June is an important month for gun violence awareness, with communities designating a specific day, weekend, or even the whole month to the issue. Even though June is over, it doesn’t mean the campaign that aims to prevent senseless deaths caused by firearms will stop caring.
The Wear Orange Campaign and National Gun Violence Awareness Day was inspired by Chicago teens who refused to be silent in the face of gun violence after their 15-year-old friend, Hadiya Pendleton, was killed by a stray bullet days after performing at President Obama’s second inauguration. June 2 was her birthday; they selected orange because it is the color used by hunters to protect themselves.
Off-season training isn’t just for athletes with hopes of one day playing on college teams, or those competing at a high level. UW Health Sports Performance coach Alison Regal explains that most youth athletes can benefit – although how they approach it and the benefits they gain will be different depending on their age.
To figure out what’s best, it is helpful to understand the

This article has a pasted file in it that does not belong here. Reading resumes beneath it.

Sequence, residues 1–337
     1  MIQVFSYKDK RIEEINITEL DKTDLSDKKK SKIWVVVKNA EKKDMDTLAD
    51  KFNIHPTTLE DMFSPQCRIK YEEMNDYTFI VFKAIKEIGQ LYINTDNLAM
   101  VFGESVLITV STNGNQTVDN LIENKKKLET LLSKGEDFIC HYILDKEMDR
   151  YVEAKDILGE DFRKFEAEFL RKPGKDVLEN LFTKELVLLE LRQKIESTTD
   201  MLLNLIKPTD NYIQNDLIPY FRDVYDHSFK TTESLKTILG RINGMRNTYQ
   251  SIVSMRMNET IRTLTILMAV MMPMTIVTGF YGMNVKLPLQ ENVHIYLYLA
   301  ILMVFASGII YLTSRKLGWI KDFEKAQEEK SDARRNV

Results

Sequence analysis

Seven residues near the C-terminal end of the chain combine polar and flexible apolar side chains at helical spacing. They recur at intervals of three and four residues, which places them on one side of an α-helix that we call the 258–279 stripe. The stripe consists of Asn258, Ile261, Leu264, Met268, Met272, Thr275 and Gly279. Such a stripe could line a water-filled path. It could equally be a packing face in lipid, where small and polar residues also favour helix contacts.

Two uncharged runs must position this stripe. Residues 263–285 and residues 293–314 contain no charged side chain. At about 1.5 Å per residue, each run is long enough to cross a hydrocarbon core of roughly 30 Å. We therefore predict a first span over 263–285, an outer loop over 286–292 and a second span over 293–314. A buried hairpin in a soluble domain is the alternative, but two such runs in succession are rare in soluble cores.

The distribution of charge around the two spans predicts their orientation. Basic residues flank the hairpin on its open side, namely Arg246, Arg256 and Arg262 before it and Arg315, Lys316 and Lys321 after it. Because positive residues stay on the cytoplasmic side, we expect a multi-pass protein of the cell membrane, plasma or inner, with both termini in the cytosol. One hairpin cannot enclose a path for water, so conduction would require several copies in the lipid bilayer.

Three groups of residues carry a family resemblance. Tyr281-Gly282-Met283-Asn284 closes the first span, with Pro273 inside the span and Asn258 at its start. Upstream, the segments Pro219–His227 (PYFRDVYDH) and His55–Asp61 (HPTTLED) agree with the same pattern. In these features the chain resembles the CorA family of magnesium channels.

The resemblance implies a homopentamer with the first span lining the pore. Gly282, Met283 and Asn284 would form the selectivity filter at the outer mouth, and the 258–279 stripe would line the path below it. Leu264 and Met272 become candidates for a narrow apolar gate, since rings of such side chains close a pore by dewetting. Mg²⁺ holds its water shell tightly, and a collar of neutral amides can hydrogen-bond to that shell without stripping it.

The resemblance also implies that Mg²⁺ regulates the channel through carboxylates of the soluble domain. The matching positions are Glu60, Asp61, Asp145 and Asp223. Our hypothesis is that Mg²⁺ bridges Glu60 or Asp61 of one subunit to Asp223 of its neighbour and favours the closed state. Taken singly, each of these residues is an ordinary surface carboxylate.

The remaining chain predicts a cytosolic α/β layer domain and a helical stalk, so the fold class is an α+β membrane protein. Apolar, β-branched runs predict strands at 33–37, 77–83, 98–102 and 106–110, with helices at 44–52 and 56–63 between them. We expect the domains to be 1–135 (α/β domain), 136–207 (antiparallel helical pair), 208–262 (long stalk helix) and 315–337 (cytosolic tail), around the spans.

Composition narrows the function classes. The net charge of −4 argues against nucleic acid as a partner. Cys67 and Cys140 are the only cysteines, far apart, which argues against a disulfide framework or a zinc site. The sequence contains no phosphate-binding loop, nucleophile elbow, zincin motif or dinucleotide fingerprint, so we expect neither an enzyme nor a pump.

different developmental stages.
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While attending cosmetology school nearly two decades ago, it never crossed my mind that someday I would be able to apply the skills I was acquiring to help children in a hospital setting. Most likely, the reason it hadn’t occurred to me is because it is extremely rare that cosmetology services are offered in a pediatric hospital. The Positive Image Center is a hidden gem on the second floor of American Family Children’s Hospital, known as the only hospital-based salon of its kind geared specifically to children.
epilepsy on its own can seem like a tall mountain to climb for any child, but
kids with epilepsy often struggle with other things like sleep, diet and
Sleep and Epilepsy
is an essential part of managing epilepsy and getting too much or too little
sleep can have a
significant effect on children with epilepsy. Eight to ten hours of quality
sleep per night and sticking with a sleep routine is a recommended way to help
epilepsy isn’t like getting braces, going to the movies, or getting your first
cell phone – not every teen goes through it. So understandably, it can be tough
for children and teens to talk to their friends about epilepsy and how they can
help in the moment of a seizure.
the conversation might be a little uncomfortable, but your child may be
pleasantly surprised at how understanding and helpful their friends will be.
There is a good chance they will take an interest in wanting to learn more
about epilepsy and could become part of the support team.